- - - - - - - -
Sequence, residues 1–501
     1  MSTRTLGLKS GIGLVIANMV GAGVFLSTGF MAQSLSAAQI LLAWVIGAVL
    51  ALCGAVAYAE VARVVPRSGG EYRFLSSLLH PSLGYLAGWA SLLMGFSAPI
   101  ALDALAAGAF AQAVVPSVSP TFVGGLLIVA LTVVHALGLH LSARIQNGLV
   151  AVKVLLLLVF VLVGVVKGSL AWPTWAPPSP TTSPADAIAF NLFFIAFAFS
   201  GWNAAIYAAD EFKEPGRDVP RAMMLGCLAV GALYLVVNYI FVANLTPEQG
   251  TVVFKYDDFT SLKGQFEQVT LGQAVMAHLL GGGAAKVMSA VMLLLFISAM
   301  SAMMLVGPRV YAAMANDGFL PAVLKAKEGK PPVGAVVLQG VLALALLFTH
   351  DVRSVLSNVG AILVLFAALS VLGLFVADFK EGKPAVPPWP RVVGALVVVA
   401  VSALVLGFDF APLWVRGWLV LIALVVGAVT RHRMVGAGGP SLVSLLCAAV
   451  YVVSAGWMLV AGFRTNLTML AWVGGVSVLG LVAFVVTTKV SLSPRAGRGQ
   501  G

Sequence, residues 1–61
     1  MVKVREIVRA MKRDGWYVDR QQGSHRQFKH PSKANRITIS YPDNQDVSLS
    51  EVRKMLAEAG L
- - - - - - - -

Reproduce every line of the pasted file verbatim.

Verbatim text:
Sequence, residues 1–501
     1  MSTRTLGLKS GIGLVIANMV GAGVFLSTGF MAQSLSAAQI LLAWVIGAVL
    51  ALCGAVAYAE VARVVPRSGG EYRFLSSLLH PSLGYLAGWA SLLMGFSAPI
   101  ALDALAAGAF AQAVVPSVSP TFVGGLLIVA LTVVHALGLH LSARIQNGLV
   151  AVKVLLLLVF VLVGVVKGSL AWPTWAPPSP TTSPADAIAF NLFFIAFAFS
   201  GWNAAIYAAD EFKEPGRDVP RAMMLGCLAV GALYLVVNYI FVANLTPEQG
   251  TVVFKYDDFT SLKGQFEQVT LGQAVMAHLL GGGAAKVMSA VMLLLFISAM
   301  SAMMLVGPRV YAAMANDGFL PAVLKAKEGK PPVGAVVLQG VLALALLFTH
   351  DVRSVLSNVG AILVLFAALS VLGLFVADFK EGKPAVPPWP RVVGALVVVA
   401  VSALVLGFDF APLWVRGWLV LIALVVGAVT RHRMVGAGGP SLVSLLCAAV
   451  YVVSAGWMLV AGFRTNLTML AWVGGVSVLG LVAFVVTTKV SLSPRAGRGQ
   501  G

Sequence, residues 1–61
     1  MVKVREIVRA MKRDGWYVDR QQGSHRQFKH PSKANRITIS YPDNQDVSLS
    51  EVRKMLAEAG L